Masks

everyone is wearing them now

before this pandemic we wouldn’t even know

the truth from the lies

how lovers should understand more

how lovers should never be bored

with each other. with their skin

yet here we are in masks worn thin

and we have not even left the house.

You’re on my mind, like a song that plays

a guitar that keeps bleeding.

a flower constantly blooming

all the impossible events

like skies that cry

words that matter.

You know what I mean

when I don’t mean it.

Yet you make me feel like a coccoon

stuck in one phase

or a glass butterfly

that never changes;

a gift from my birthday

you never wrapped up.

You should have done all the things

you meant to do.

not merely talk about them

drunk one night

that doesn’t count.

Every Woman

Christina Strigas

I am not every woman
I am an extraordinary one
because I am not a beauty queen
or a wanna be a porn queen
no queens live inside me.
Also, I am not into princesses
who claim to not carry their crown
but act like they own the internet
with no graceful words.
I like to party and suck words out of worlds.
I live like every woman
managing love and kids
and work and asking the mirror
why do I look so tired?
I don’t ask who is the fairest
that question stopped at seven.
I am weird and quirky
and I eat in bed.
I like to read books
and watch the sunset
pull dirt out of sentences.
Pouring my heart out at cashiers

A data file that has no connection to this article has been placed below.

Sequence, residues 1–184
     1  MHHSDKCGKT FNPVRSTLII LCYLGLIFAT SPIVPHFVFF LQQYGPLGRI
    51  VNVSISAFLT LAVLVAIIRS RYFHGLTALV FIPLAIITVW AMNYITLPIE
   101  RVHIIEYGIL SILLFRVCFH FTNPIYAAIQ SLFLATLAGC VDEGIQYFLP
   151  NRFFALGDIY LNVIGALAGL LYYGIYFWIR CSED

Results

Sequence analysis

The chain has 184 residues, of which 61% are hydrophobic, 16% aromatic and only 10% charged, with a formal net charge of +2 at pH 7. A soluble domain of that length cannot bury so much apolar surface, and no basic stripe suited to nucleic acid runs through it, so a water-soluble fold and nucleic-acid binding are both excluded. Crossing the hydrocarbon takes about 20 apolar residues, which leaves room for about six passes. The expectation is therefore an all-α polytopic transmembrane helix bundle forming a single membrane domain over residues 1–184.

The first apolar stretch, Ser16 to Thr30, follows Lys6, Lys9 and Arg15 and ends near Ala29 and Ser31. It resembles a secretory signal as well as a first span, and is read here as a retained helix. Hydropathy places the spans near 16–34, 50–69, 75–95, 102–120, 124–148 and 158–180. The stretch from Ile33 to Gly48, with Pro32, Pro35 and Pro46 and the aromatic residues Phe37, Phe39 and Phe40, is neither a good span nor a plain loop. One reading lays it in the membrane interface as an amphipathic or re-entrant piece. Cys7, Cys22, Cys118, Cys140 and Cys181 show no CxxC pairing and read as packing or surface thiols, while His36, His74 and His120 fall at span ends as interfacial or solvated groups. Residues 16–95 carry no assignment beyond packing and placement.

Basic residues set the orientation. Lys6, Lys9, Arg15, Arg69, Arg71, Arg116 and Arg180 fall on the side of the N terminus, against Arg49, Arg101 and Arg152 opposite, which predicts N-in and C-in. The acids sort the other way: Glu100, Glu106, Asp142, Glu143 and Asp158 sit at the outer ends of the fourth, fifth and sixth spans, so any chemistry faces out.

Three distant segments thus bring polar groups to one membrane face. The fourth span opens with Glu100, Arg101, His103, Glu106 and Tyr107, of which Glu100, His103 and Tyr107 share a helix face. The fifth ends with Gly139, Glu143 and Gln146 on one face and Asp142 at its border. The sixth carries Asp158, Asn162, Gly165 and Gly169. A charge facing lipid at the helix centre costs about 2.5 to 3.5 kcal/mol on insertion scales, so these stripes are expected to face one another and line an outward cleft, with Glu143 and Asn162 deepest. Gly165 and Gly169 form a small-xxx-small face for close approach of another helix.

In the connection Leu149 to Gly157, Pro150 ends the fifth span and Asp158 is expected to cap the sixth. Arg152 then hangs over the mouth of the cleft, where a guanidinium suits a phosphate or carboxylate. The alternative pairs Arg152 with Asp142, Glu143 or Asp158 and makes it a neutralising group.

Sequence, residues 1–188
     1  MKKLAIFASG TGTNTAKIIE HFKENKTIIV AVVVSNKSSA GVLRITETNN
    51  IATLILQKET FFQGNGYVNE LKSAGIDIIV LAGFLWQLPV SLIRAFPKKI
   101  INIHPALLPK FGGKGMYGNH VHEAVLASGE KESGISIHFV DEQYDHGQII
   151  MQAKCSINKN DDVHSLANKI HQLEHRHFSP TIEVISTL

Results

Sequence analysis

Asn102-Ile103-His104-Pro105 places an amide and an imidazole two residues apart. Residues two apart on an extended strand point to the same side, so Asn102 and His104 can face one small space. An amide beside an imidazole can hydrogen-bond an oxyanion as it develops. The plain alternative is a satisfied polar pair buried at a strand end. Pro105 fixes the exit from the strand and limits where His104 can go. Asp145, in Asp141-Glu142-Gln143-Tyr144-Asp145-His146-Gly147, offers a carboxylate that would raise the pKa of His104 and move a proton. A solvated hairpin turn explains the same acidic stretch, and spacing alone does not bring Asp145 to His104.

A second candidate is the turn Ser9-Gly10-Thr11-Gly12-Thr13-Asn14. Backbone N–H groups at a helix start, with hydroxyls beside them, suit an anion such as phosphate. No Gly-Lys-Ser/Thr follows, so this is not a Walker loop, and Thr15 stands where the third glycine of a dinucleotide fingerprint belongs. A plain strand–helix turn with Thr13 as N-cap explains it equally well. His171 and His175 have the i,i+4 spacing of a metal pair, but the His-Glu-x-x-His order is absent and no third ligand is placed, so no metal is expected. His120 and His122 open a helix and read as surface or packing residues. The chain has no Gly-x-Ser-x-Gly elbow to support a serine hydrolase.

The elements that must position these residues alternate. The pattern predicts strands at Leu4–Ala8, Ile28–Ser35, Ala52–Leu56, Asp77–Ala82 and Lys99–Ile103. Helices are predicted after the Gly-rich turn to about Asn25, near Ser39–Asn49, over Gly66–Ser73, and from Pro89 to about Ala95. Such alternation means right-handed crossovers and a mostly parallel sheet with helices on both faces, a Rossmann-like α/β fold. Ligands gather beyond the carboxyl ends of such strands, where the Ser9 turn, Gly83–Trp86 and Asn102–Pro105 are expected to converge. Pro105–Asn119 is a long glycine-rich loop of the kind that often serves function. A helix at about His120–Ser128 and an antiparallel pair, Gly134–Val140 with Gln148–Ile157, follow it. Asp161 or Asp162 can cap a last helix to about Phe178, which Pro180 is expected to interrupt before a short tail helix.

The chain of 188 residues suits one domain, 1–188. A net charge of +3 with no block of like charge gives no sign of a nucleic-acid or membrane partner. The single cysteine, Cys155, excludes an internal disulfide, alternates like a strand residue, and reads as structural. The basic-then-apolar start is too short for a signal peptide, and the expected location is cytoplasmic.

is what I do best.
I keep the lid on at all times
and laugh out loud
at slang and such nonsense
to keep us guessing at how
everything changes.
How long has it been since
you loved me?
I am right here.
I am every woman
and man.
We all want the same things
only we ask for it differently.

Ariel Poets

The exciting part about social media is networking and meeting like-minded people, especially if you are a writer or poet. A writer is a poet.

I first met Alexandra Meehan on Twitter. We have never met in real life, but our souls have probably met before. We became friends and we have come to appreciate each other’s poetic styles. I approached her a few weeks ago with the idea to open an account for lovers of poetry. We are both immensely inspired by Anne Sexton and Syliva Plath, who are two women who wrote about their turmoil life experiences. Men and women appreciate reading these two poets because through these women’s tough eyes the shape of humanity and relationships unfold in unique, female, poetic voices.

The pursuit of writing is an on-going struggle for writers and poets, especially women. Since Sappho, women have come a long way in poetry, but still struggling along. Emily Dickenson and Christina Rosetti are female poets who are world-reknowned and admired, but Sexton and Plath are still not a household name. In America they are. Just pushed aside for contemporary crap. The dark side and mental illness that haunts their literature takes too much of a front seat. Deconstruct it. Their brilliance shined among all. It seems there is so much more to their writing– to being women– that continues to fascinate us.